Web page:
Loop Geography as Defensive Tactic

In a fascinating detail from a long series of articles published two years ago in the Washington Post, recently expanded as a stand-alone book called Top Secret America, we learn about one way to hide classified government infrastructure in plain sight.

[Image: Photo by Michael S. Williamson, courtesy of The Washington Post].

“[J]ust outside Washington,” authors Dana Priest and William Arkin explain, in the exurbs of depopulated office parks and “huge buildings with row after row of opaque, blast-resistant windows,” there can be found what the authors describe as “the capital of an alternative geography of the United States, one defined by the concentration of top-secret government organizations and the companies that do work for them.”

One such complex, called Fort Meade, “is the largest of a dozen such clusters across the United States.”

And it is cleverly camouflaged:

The existence of these clusters is so little known that most people don’t realize when they’re nearing the epicenter of Fort Meade’s, even when the GPS on their car dashboard suddenly begins giving incorrect directions, trapping the driver in a series of U-turns, because the government is jamming all nearby signals.

It’s an experiential trap street—an infinite loop—a deliberate cartographic error introduced into the mapping of the world so as to sow detour and digression. A kind of digital baffling, or recursive geography as state defensive tactic.

I’m also curious when we might see this privatized and domesticated—gated communities, for instance, blocking the GPS navigation of their streets in the misguided belief that this will help protect them from future burglary, effectively delisting themselves from public cartographic records. Perhaps the future of neighborhood security lies in the privatized repurposing of advanced signal-jamming technology, the misleading lamination of other, false maps onto the streets as they really exist.

(Detail spotted via @doingitwrong and [thisisaaronland]).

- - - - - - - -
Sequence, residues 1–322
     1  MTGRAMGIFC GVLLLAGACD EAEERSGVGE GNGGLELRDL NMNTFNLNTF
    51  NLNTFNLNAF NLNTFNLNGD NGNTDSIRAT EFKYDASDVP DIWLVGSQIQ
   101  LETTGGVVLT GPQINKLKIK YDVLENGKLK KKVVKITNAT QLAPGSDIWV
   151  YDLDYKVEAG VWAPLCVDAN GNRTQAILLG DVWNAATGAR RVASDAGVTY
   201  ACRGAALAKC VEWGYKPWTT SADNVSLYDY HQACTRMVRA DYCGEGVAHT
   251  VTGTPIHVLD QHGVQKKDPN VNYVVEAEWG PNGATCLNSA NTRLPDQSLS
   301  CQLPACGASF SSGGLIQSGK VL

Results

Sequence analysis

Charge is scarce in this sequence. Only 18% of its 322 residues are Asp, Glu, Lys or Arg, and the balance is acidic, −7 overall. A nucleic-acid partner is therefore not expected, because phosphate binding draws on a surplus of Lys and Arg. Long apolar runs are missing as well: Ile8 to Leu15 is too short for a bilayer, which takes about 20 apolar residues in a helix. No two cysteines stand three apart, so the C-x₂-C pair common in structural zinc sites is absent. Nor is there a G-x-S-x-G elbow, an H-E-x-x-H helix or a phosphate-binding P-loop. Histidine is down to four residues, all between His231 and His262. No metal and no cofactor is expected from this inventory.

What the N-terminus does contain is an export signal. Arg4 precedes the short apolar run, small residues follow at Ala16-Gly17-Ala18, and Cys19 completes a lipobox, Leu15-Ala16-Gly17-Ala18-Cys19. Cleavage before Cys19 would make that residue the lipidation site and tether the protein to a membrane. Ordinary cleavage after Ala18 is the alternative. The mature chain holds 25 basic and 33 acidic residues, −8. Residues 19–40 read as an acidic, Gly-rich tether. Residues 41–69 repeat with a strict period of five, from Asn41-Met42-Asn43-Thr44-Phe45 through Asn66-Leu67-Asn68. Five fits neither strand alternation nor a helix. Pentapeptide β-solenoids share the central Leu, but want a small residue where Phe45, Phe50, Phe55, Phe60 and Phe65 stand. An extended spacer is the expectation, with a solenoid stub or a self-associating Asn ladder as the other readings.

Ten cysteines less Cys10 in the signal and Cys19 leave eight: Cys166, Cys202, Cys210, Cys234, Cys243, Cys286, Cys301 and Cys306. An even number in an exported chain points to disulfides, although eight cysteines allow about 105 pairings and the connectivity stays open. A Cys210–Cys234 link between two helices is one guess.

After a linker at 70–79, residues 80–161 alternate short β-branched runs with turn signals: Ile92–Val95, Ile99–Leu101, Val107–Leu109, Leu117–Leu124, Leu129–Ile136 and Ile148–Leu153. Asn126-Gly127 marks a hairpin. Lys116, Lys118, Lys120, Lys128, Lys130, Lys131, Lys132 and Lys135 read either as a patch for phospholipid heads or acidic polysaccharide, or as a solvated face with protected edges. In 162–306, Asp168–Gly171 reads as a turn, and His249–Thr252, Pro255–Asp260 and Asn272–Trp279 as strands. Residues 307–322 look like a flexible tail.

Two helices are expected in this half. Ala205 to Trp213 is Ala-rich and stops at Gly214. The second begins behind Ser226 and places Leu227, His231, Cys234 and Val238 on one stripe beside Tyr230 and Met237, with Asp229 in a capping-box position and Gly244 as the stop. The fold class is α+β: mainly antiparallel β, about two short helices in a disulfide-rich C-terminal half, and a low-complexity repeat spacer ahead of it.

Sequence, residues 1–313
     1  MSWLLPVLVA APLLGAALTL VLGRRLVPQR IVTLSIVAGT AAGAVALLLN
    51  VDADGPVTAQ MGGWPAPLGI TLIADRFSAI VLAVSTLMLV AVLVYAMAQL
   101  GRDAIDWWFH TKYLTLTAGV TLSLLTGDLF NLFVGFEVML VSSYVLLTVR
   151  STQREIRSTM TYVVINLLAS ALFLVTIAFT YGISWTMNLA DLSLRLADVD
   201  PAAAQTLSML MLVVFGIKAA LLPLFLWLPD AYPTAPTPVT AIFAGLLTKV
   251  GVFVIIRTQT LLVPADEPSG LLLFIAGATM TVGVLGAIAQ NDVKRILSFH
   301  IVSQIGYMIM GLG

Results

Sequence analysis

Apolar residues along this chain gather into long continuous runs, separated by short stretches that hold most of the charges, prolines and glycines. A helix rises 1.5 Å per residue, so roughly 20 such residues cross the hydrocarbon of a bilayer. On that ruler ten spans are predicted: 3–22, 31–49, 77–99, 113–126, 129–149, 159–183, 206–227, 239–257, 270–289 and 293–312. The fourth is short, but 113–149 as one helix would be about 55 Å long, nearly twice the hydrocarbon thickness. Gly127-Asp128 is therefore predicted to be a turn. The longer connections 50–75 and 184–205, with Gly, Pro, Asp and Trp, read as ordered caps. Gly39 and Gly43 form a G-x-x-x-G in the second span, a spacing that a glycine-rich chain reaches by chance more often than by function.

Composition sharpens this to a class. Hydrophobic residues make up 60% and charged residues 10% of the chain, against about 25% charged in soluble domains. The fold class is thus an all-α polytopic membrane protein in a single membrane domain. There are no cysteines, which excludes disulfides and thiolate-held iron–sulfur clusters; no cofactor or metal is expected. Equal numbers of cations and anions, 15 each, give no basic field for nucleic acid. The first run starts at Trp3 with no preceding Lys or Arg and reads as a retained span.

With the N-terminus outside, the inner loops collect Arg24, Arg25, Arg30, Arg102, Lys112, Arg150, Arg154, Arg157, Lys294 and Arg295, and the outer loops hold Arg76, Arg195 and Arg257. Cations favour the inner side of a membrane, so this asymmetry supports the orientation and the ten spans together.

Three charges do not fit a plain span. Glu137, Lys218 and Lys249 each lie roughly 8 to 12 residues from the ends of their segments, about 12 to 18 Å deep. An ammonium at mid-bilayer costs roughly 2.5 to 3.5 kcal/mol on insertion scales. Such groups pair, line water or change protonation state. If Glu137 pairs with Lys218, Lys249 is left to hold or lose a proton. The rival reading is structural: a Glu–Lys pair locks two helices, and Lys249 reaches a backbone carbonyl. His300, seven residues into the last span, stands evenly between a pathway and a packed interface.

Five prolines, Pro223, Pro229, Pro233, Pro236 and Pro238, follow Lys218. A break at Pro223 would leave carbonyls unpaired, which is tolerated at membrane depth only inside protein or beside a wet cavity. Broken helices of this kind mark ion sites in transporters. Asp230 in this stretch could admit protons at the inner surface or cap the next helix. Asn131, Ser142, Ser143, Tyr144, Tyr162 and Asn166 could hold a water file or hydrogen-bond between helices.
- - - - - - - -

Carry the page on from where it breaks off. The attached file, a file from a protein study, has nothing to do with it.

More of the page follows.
6 thoughts on “Loop Geography as Defensive Tactic”

  1. There's an easy solution to this – don't depend on GPS. Grab your old-fashioned paper map and a sense of direction and drive right in.

  2. I noticed that my GPS was completely kablooey when I was driving home from Stewart Airport in Newburgh, NY last year. The airport is a joint civil-military facility, and my GPS unit was telling me about non-existent streets and impossible turns until I got out of the area.

  3. If it were simply a matter of jamming the signal, the devices wouldn't be able to find their satellites.

    To introduce false results they have to be injecting information into the stream between the satellite and the device or even at the satellite itself.

    The GPS network might maintain a list of coordinates at which it is designed to give false results.

    I wonder if it would be possible then to reliably spoof your location, fool the satellites into seeing you a few miles to the west and adjust their responses accordingly.

  4. "gated communities, for instance, blocking the GPS navigation of their streets in the misguided belief that this will help protect them from future burglary…"

    …or maybe just to reduce through traffic and it's associated noise and air quality impacts, or to deter large delivery trucks using their street?

  5. My GPS always goes crazy when I drive by the Pentagon. Always figured it was some sort of jamming set up after 9-11.

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